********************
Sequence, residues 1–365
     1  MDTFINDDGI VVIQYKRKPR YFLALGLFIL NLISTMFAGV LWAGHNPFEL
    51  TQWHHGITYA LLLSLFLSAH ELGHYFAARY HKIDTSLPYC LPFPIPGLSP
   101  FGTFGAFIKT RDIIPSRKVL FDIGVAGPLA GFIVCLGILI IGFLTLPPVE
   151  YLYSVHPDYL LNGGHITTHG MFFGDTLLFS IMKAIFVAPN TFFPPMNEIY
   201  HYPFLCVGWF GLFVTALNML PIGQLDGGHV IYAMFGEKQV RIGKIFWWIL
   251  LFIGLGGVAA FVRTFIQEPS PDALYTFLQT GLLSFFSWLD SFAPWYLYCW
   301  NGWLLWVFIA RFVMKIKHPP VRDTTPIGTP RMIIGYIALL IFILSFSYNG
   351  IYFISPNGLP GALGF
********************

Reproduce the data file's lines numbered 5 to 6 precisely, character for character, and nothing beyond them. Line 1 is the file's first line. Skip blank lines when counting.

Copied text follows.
   151  YLYSVHPDYL LNGGHITTHG MFFGDTLLFS IMKAIFVAPN TFFPPMNEIY
   201  HYPFLCVGWF GLFVTALNML PIGQLDGGHV IYAMFGEKQV RIGKIFWWIL